In Renaissance botanical natural history, “description” is both art and science, method and form. I trace the use of Ovidian poetry as a descriptive method in Gerard’s Herball and examine, sometimes speculatively, the forms that description could take on its pages. I attend especially to Gerard’s engagement with the myth of Daphne and Apollo, which is so resonant for blazon poetry and botany alike. I do so to test the limits of Ovidian poetry’s use as descriptive natural history in this herbal.
Wendy Beth Hyman, “Seeing the Invisible under the Microscope: Natural Philosophy and John Donne’s Flea”
“Seeing the Invisible Under the Microscope: Natural Philosophy and John Donne’s Flea” considers the mythological, poetic, and conceptual categories that influenced what the natural philosopher ostensibly “saw” under the lens. I argue that early microscopic texts, especially Robert Hooke’s Micrographia and Henry Power’s Experimental Philosophy, reveal a surprising indebtedness to fabular, fictional insects. Poetic fleas and their brethren, immortalized by John Donne but ubiquitous in classical and early modern works, were veritable workhouses of erotic, natural philosophical, and metaphysical speculation. Their miniscule size promised access to hidden knowledge, and their uncanny ontology led to analogies with other small entities like atoms and verses. I examine in turn the mutually reinforcing effects of microscopic oculus and poetic microcosm, showing how natural philosophy revels in imagination. These works of microscopy do study nature, but they also cite Donnean seduction poetry, recast insects as romancical characters, and reflect on nothingness.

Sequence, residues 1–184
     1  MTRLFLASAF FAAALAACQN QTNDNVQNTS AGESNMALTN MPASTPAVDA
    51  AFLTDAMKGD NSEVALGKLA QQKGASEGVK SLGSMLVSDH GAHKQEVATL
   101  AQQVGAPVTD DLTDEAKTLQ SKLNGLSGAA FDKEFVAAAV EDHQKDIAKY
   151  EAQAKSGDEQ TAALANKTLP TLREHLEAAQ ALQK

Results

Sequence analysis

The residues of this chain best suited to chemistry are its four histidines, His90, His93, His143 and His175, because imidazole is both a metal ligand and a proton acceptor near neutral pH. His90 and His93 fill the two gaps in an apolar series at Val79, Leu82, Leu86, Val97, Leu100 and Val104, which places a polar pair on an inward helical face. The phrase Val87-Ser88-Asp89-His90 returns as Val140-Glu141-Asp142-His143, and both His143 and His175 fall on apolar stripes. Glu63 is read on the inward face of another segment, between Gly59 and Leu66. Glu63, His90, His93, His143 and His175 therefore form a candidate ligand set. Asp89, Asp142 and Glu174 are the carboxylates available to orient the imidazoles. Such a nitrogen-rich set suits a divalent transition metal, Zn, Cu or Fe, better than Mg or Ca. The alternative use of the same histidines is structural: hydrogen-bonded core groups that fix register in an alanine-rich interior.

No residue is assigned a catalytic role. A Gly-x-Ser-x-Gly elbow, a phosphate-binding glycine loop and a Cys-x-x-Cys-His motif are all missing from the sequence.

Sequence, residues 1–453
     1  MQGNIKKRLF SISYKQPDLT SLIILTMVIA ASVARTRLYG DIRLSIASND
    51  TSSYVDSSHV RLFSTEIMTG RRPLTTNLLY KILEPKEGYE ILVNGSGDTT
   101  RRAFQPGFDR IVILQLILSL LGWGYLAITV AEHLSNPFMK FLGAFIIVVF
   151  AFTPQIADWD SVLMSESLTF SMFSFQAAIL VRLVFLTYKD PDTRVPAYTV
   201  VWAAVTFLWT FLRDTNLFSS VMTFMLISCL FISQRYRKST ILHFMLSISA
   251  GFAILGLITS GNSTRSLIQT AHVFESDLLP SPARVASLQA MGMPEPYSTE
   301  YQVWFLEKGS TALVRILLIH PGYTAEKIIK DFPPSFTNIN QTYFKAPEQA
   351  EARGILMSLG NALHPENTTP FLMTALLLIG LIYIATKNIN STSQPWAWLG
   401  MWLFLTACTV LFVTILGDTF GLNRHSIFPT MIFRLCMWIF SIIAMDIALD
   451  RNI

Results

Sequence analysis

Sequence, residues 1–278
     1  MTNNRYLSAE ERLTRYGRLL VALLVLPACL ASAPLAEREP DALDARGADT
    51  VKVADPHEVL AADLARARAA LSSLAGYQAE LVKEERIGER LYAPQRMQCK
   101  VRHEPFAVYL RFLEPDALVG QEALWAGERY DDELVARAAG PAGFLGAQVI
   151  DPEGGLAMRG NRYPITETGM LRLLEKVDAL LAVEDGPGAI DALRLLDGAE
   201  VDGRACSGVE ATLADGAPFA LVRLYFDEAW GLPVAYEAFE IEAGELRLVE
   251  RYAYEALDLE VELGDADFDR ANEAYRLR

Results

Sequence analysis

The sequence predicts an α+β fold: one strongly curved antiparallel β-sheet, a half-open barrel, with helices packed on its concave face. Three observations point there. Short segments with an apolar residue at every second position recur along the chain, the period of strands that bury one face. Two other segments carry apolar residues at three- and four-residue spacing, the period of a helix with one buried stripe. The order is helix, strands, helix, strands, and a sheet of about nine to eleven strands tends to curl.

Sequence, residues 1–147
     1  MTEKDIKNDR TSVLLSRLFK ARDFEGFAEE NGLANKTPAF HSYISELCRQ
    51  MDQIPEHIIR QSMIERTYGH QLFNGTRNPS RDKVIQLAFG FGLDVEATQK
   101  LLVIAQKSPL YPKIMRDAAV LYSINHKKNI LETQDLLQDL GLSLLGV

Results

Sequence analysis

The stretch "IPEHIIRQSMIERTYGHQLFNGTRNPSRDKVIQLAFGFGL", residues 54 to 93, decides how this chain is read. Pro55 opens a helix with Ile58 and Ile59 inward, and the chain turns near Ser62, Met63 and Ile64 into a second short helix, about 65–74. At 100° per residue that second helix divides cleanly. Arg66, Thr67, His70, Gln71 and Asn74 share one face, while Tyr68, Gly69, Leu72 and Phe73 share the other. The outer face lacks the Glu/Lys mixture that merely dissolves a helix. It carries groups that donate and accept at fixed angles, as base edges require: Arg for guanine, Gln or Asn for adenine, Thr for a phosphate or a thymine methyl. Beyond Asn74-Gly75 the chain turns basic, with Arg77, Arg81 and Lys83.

Travis D. Williams, “Unspeakable Creation: Writing in Paradise Lost and Early Modern Mathematics”
In Paradise Lost, Milton adapts for poetic purposes the theological theories of accommodation, by which God makes himself even slightly understandable to created beings, to make the divine, unfallen, and hellish aspects of the story available to a fallen reader. Particularly potent means of accommodation in the poem are images of writing, by God and his Son, the Word, to create the universe, which occur in parallel to the poem’s own discussion of its status as a written artifact, one that presents a rhetorically successful sensation in readers that they have in fact apprehended the divine. This sensation is similar to contemporaneous developments in mathematics, that sought to find through writing strategies ever more powerful ways to access perfect mathematical objects and concepts. Interpreting these writing events together, the conclusion presents the writing done by Galileo and Christ as indicative of fallen humanity’s best chance to improve itself and regain the promise once held out to its unfallen forebears.